Antony stole three souls with one cow dribble – yes, Man Utd want him

·4-min read
Ajax's Antony and FC Groningen's Paulos Abraham, during the Eredivisie match at the Johan Cruyff Arena in Amsterdam, Netherlands. August 14, 2022. Credit: PA Images
Ajax's Antony and FC Groningen's Paulos Abraham, during the Eredivisie match at the Johan Cruyff Arena in Amsterdam, Netherlands. August 14, 2022. Credit: PA Images

The language of Brazilian football is rich and poetic. Ajax winger and Manchester United target Antony is fluent in its every nuance and dialect. 

There are dozens of skill moves and dribbles that the Brazilians have perfected and taken to the world, and each has its own name. Or in some instances several names depending on where you are in the country.

One of the most intriguing is the drible da vaca – the cow dribble – which involves playing the ball around one side of the opponent and running around the other.

Why the cow dribble? In Brazilian football’s very early years, the game was often played on a bit of spare agricultural land with all the hazards that brought; hazards including roaming cows. Confronted with one, the best option was to knock it to one side and run around the other.

It was on those fields that Brazil legend and double World Cup-winner and vein-twisting dribbler Garrincha grew up and it was there that the boy with the bowed legs mastered the art of the cow dribble before unleashing it on the world to such devastating effect.

Times have moved on. Most modern Brazilian footballers of note come not from the rural field but from the tight alleys of the nation’s urban sprawl. Yet still, there are obstacles, and still, they need to be averted.

So even on the concrete streets, the cow dribble lives, kept alive by modern masters of the feint and twist and sleight of foot like Antony, a natural heir to the dribbler’s throne upon which Garrincha once sat.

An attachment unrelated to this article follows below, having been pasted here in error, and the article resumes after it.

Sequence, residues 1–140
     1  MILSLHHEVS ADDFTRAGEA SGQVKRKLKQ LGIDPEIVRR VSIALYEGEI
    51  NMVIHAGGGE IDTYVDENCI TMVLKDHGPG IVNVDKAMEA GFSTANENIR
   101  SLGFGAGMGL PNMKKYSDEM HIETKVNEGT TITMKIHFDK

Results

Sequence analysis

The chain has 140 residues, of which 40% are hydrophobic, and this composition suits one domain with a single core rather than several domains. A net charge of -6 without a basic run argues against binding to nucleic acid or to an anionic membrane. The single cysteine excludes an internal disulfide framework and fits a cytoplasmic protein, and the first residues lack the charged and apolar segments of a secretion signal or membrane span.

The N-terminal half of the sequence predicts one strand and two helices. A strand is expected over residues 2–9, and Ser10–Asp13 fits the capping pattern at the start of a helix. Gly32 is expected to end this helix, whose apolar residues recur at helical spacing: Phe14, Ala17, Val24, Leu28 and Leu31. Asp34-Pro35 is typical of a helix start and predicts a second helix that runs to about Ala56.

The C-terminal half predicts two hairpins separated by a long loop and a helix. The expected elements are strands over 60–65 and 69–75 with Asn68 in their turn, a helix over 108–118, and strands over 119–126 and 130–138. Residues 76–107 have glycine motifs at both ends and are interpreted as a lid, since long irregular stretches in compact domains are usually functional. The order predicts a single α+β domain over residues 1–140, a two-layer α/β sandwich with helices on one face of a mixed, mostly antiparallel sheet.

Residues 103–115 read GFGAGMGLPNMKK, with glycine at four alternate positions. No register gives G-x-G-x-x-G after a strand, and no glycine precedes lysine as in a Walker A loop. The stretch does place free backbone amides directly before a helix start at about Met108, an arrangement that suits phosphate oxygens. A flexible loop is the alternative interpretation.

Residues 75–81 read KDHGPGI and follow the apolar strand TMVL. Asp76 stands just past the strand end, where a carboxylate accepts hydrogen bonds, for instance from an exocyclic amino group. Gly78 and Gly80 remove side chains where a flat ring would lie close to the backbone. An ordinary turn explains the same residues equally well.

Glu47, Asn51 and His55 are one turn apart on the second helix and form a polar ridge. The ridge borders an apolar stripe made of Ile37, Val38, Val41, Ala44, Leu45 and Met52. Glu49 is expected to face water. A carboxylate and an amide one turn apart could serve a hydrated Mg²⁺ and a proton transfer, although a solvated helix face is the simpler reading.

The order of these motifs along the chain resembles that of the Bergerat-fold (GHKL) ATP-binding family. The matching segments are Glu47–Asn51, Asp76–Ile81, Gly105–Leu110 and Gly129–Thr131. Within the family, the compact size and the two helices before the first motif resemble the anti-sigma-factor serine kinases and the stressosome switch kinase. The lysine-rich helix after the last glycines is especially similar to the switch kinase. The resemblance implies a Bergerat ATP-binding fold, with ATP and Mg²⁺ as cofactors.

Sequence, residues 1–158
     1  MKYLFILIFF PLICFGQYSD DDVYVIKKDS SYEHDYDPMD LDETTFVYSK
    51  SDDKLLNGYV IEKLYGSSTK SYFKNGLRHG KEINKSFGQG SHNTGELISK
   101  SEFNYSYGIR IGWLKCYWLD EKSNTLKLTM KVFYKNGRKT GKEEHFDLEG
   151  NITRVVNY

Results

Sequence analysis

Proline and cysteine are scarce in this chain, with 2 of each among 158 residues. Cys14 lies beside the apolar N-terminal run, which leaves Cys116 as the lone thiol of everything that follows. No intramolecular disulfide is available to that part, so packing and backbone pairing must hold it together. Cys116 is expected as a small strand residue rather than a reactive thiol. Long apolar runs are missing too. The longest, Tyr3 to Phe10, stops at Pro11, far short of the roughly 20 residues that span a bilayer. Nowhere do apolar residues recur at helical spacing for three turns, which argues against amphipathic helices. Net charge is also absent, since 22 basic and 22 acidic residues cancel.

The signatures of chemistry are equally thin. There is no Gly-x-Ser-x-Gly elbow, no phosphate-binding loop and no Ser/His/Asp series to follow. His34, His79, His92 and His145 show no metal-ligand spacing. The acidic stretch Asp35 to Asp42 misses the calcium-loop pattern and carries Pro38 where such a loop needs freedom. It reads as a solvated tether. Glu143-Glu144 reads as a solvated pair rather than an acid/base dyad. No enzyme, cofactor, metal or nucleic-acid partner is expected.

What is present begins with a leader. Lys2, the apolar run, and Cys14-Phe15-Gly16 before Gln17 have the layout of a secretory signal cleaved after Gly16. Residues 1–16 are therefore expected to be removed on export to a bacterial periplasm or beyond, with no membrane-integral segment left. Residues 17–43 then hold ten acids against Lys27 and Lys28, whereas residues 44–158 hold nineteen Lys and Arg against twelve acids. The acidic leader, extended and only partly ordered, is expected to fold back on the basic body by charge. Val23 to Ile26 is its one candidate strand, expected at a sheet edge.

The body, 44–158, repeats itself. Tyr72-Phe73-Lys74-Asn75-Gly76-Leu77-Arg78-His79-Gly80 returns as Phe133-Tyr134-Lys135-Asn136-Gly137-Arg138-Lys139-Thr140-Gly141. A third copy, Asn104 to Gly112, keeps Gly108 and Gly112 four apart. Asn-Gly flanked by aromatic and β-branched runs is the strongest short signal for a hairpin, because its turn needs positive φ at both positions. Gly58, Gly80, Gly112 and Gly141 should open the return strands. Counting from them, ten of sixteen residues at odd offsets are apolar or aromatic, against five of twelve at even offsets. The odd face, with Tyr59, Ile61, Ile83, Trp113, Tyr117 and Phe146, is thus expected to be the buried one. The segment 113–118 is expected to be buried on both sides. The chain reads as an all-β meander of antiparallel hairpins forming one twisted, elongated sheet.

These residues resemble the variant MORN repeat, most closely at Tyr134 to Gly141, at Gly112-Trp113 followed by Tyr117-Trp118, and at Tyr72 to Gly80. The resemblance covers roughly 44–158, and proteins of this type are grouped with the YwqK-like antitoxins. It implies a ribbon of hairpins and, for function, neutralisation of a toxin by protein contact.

On Sunday afternoon, as Ajax ripped Groningen apart at Amsterdam’s Johan Cruyff Arena, Antony was giving chapter and verse on the jogo bonito and just how it should be played.

Within 75 seconds, he’d annihilated his first victim, standing up Groningen’s Isak Dybvik Maatta to knock him down with a petrifying flip-flap nutmeg.

By the time Antony emerged with the ball on the other side, less than 90 seconds of the 90 minutes had passed, but the game was already over and Groningen players knew it.

Yet Antony was determined to twist the knife. Ten minutes later, he did so in style.

Having seen Dybvik Maatta and Laros Duarte double up on the Brazilian and still fail to stop him, Groningen players now tripled their efforts to mark him out of the game.

The answer to such unexpected and seemingly insurmountable obstacles? The cow dribble, obviously.

First Antony cut inside Duarte and was then confronted with Dbvik Maatta and his mate Tomas Suslov. They may well not have bothered.

Antony dragged his studs over the ball, flicked it back the other way with the outside of his boot, and then, like greased lightning, pulled it back in the other direction, around the back of Dybvik Maatta. Naturally, Antony ran the other way around his marker to collect it.

While the shot came to nothing there was no coming back from that degree of humiliation.

These were relatively highly paid professional footballers, not a small herd of dairy cattle, but the cow dribble had been applied to the same effect.

By this point, confidence was dripping from Antony like fritessaus from a Dutchman’s chips.

A few minutes later, he curled a sighter onto the roof of the Groningen net. Then with just under half an hour gone, he turned that goal threat into something more tangible.

He cut inside the forlorn figure of Dybvik Maatta and whipped a shot with venom and bend into the far top corner.

Before half time it was three, a delicious cross from Antony setting it up.

After the interval, Ajax made it four, five, and then six.

While Antony wasn’t directly involved in any of those, it was the 22-year-old Brazilian who had broken Groningen players’ spirits, allowing his team-mates an easy ride in the second period.

After the game, Antony was asked about the interest from Manchester United, who have been linked with a move but are reportedly unwilling to pay the £70million Ajax would like in exchange for his services.

“Will [Erik] Ten Hag call me? No idea,” he told NOS (via Metro). “He has to discuss this with my agents, I’m focused on here. What will come will come, we will see.”

We will see indeed.

But after the brain-bogglingly bad display Manchester United produced on Saturday and the performance Antony put in on Sunday, Ten Hag and the United hierarchy may well be thinking that £70million looks like a bargain.

By Joshua Law

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